IMG_4958.JPG

    Regards
    Dave
     

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  6. Gary A.

    Gary A. Been spending a lot of time on here!

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    I think we are all holding our collectively breath hoping for a good outcome.
     
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  7. Dave Colangelo

    Dave Colangelo No longer a newbie, moving up!

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    All-in-all the damage is more or less superficial and its looking good so far. There seems to be a back and a lot of parts up for sale on the bay should something go terribly wrong. Since I only ever intend on using it with in-lens shutter style lenses I am going to leave the body shutter alone for now.

    Regards
    Dave
     
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  8. Derrel

    Derrel Mr. Rain Cloud

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    I have a 1938 baby Speed Graphic. Wow-what a FUN camera to take to the beach with you. Perhaps the best conversation starter north of say, a 1958 Ricoh Super Ricohflex twin-lens!

    Looking forward to seeing you work your magic on this one. As a project camera goes, it looks a LOT better than others I've seen.
     
  9. SoulfulRecover

    SoulfulRecover Been spending a lot of time on here!

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    Great find! I don't think I have ever seen anything worth while a flea market before in terms of cameras.
     
  10. Dave Colangelo

    Dave Colangelo No longer a newbie, moving up!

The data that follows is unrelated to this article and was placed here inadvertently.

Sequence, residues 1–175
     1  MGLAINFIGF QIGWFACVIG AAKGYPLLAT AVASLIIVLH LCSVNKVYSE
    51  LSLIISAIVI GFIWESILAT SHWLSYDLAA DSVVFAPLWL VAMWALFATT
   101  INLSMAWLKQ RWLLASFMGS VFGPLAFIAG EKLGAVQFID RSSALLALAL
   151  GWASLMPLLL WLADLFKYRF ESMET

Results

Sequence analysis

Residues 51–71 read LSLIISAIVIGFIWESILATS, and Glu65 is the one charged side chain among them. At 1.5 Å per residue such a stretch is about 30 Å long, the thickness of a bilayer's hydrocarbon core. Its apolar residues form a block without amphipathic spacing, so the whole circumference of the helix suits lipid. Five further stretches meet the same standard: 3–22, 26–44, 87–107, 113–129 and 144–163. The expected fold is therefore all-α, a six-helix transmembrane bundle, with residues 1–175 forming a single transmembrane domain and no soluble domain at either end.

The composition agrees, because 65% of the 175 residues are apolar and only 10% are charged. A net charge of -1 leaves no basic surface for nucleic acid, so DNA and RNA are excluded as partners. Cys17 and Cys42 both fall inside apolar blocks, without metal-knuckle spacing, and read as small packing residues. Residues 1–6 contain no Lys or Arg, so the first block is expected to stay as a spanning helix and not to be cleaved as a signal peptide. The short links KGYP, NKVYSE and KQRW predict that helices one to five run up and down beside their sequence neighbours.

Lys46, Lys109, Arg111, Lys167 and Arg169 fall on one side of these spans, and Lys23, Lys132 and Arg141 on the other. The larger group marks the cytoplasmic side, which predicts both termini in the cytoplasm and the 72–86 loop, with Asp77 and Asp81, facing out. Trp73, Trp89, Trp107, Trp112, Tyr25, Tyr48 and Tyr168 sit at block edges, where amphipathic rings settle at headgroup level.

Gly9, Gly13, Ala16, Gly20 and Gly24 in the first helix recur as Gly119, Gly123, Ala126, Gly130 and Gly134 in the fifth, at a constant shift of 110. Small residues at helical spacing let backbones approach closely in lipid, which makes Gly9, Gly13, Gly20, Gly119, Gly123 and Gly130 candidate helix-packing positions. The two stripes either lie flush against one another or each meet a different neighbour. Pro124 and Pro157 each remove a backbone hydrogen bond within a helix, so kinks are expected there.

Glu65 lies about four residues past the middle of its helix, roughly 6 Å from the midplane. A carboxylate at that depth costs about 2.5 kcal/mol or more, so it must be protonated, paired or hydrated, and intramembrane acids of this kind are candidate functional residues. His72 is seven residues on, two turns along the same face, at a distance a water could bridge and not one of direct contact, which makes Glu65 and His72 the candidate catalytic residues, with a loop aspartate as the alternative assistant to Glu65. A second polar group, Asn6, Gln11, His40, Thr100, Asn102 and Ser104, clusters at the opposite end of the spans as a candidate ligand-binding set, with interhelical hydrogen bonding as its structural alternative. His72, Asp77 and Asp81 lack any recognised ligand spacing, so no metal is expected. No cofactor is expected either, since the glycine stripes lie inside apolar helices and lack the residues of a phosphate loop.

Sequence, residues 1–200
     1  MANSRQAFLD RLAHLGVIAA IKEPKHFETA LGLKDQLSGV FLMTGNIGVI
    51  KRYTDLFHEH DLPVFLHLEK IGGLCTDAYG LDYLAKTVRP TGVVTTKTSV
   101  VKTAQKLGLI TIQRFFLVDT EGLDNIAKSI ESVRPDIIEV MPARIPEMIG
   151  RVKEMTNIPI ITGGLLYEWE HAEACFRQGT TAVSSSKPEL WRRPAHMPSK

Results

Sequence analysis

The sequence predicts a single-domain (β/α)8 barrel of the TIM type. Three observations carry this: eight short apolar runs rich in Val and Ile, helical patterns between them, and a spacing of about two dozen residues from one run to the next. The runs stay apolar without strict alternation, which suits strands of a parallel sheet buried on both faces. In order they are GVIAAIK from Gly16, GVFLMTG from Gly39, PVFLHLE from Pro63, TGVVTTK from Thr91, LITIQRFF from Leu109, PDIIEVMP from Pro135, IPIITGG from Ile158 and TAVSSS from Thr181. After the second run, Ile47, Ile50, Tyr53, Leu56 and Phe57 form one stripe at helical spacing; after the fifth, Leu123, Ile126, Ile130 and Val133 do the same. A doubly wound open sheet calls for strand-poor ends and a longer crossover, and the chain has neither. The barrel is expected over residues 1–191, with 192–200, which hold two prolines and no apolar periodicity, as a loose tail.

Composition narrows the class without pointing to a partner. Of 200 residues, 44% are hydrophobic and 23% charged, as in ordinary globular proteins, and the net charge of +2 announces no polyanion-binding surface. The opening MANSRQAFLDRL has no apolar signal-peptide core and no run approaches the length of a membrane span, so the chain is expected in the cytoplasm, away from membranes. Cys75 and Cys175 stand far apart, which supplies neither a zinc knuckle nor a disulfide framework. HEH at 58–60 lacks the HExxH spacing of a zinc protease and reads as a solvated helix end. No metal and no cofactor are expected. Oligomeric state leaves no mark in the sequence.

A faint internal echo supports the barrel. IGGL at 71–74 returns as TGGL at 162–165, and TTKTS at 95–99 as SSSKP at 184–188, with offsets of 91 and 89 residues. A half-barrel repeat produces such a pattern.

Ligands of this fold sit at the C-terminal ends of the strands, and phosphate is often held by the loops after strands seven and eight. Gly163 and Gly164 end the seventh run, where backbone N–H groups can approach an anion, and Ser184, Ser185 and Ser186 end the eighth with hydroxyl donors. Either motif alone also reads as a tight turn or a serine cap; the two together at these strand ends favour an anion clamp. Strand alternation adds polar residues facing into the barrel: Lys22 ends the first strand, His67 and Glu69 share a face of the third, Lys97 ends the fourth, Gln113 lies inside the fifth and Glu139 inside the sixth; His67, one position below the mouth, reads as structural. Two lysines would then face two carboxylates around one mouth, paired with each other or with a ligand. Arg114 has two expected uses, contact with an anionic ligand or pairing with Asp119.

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    I was able to strip off all the old paint, it took 4 shots of paint remover as well as a lot of steel work. I used some flat black primer to re-coat it and it came out pretty nice.

    IMG_4965.JPG

    Regards
    Dave
     
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  11. Derrel

    Derrel Mr. Rain Cloud

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    Do you typically bake your painted parts to help them cure well? I do a lot of metal lure parts with various primr, paints, lacquers, enamels, etc. I find that about 18 to 20 minutes at a pre-heated oven at 160 degrees really,really makes paint finishes cure well, and FAST, compared to say 30 days of dry time at ambinet air temps. Baking also seems with most paint types, to "harden" and make the paint more chip-resistant. A lot of my lures impact rocks, so chip-reistance is a big deal. I've found this baking to work with primers, enamels, lacquers, and powder coat types of paint.
     
  12. Dave Colangelo

    Dave Colangelo No longer a newbie, moving up!

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    Derrel, I have never tried that but I may give it a shot this weekend. During reassembly I chipped some of the paint and may do some touch up this weekend. Ill give it a good bake and see how it comes out. Thanks for the tip!

    Dave